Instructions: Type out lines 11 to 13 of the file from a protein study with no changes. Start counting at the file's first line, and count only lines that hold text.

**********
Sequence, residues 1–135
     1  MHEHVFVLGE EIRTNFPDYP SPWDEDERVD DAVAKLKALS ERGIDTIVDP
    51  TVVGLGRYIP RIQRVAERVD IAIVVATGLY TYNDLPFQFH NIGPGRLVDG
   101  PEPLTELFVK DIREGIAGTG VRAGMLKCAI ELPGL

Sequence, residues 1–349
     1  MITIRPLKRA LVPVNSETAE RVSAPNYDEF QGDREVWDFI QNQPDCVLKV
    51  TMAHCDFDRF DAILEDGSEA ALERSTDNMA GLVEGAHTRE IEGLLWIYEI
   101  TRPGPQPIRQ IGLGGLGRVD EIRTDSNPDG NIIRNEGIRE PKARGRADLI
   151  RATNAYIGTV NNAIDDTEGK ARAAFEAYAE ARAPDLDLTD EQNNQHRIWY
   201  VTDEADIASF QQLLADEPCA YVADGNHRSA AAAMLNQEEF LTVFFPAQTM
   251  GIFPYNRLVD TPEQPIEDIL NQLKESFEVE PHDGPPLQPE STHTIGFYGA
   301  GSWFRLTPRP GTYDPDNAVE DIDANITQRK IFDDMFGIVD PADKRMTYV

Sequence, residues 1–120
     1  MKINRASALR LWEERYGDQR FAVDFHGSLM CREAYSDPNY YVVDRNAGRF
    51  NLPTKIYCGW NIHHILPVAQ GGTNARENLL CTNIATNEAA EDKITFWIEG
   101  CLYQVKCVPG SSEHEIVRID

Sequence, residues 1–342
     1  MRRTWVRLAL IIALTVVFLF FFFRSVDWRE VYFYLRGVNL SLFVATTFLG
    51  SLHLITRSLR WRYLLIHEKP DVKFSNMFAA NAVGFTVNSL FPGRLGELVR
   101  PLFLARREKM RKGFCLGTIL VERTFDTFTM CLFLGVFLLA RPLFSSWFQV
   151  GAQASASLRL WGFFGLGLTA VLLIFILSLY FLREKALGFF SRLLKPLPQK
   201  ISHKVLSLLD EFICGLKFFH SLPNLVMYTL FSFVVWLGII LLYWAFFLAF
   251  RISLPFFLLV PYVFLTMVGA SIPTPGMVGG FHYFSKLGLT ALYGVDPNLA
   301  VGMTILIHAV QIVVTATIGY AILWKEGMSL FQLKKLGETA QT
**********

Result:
   251  GIFPYNRLVD TPEQPIEDIL NQLKESFEVE PHDGPPLQPE STHTIGFYGA
   301  GSWFRLTPRP GTYDPDNAVE DIDANITQRK IFDDMFGIVD PADKRMTYV

Sequence, residues 1–120